The BAC Strikemaster began life in the early
1950’s as the Percival Provost basic trainer for the RAF.
This was developed into the Jet Provost by adding an Armstrong
Sidley Viper 5 jet engine to the air frame. This led to a docile
aircraft with excellent flying characteristics that was adopted
as the basic trainer for the RAF in the mid to late 1950’s.
As development of the basic airframe continued with changes
to the aerodynamics and up rated engines an ability for close
support work was recognized and developed. This led to the MK
5 which had a new nose, housing advanced avionics, a pressure
cabin and hard-points under the wings. When Hunting aircraft
was taken over by BAC in the early 1960’s they developed
the MK5 into the BAC Strikemaster. This was a rugged aircraft
able to operate from rough airstrips and carry a variety of
loads up to 1360Kg (3000Lbs).
Airspeed must be maintained
Strikemaster, even the landings are hot.
The Strikemaster was one of the most successful light
attack jets of its day and was still being produced into the 1970’s.
They are still flying with some Air forces today.
The model is a 1400mm wingspan, .40 to .46 low
wing sport scale model of built up construction. It is a straight
forward model that should present no problems to any modeller who
has built one or two planes from plans.
|I begin by building the tail
feathers, then the wings and finally the fuselage. This is just
my particular method of construction, you may choose to begin
any where else. I also do not start by cutting out all the parts.
I find it easier to cut the parts as I go. While this may appear
slower it makes it easier to make modifications if necessary as
The tail-plane is a simple built up structure
using 6.5mm strip. Cover the plan with plastic wrap and cut the
various strips to suit the plan. I find a balsa stripper invaluable
for this. If you don’t have one they are available from
your local hobby store. Ensure all the glue joins are square,
as you need a solid joint. I used poly-aliphatic glue for most
of the construction as it is cheap and easy to use. When the frame
is dry, cut 1.5mm sheet to size and glue to the frame. You may
need to weigh this down to stop the frame warping as the glue
dries. Ensure that before you glue the frame for the elevators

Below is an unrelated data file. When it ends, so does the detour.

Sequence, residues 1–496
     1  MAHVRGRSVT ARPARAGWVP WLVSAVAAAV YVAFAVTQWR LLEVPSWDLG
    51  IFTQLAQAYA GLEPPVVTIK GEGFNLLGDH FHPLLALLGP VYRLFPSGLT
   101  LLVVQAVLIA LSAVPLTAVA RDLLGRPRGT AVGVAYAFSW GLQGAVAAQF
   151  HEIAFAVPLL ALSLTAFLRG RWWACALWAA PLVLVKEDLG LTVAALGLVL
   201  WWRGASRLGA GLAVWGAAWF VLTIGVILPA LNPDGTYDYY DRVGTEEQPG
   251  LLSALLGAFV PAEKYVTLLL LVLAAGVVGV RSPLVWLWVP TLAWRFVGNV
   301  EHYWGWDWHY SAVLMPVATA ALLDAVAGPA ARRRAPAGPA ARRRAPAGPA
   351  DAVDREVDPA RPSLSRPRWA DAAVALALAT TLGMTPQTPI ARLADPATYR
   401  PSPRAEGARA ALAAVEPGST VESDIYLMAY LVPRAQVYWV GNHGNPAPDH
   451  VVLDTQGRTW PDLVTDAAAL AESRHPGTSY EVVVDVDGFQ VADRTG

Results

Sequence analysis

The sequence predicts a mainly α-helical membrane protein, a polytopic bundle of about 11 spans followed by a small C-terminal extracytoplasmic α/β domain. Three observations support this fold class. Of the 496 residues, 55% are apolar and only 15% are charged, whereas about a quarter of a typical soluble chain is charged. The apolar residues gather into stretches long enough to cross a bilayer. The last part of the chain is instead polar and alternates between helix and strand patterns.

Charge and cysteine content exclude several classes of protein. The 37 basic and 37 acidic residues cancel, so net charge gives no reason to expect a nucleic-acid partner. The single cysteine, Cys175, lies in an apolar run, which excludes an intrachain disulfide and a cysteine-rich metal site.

that you have cut the balsa to match the profile of the elevator.
When sheeted and dry, sand the required leading edge profile and
dry fit the hinges. You may wish to glue the hinges at this point.
I glued mine after the fin was attached to the airframe.
Both the fin and tailplane are flat
surfaces builtup over the plane.
To begin the wing cut W1 and W3 from 3mm balsa,
W2 and W4 from 3mm ply the remaining ribs are cut from 1.5mm balsa.
The quickest way of cutting the ribs is to photocopy the rib profile
then with a hot iron transfer the outline to the wood. At this point
also cut the 3mm ply dihedral brace also included a brace for the
leading edge out to W4. Cover the plan with cling wrap and pin the
bottom spar over the plan. Place the trailing edge over the plan using
balsa packing to achieve the correct position of the spar as shown
on the plan. Glue ribs W4 to W10 in place ensuring that they are square
to both the spar and vertical. Glue in the top spar and the false
leading edge and leading edge. I cut the leading edge 4mm wider than
the rib to allow for the D section sheeting to butt against as well
as making it easier to sand the leading edge profile in place as necessary
Repeat this process for the remaining wing . Roughly shape the leading
edge to shape before joining the wing halves. Check both panels to
ensure that they have no warps. To join the halves together build
a simple jig that will hold the wing tips both square and at the correct
height for the dihedral using slow epoxy glue the dihedral brace in
position ensuring both halves are firmly joined and then clamp and
Once the wing is joined fit the
remaining ribs in place and then fit the webs to the spars.
Ensure these are a good fit. Fit the landing gear block with
slow setting epoxy. Now fit the under side D section sheeting
to the leading edge and the under side center sheeting, the
tip and trailing edge sheeting. Set three degrees washout in
the wing panels before adding the top sheet. This will ensure
the twist will remain in place. Add all the capping strips.
Ensure that where the wing retaining bolts go through the wing
you place the solid balsa blocks to take the bolts. Shape the
leading edge to the correct profile fit the leading edge dowels
and servo tray. At this point I covered the center section with
some glass cloth and resin to add extra strength.
To produce the tip tanks cut the eight 9.5mm
profiles, hollow four of them and glue them together to create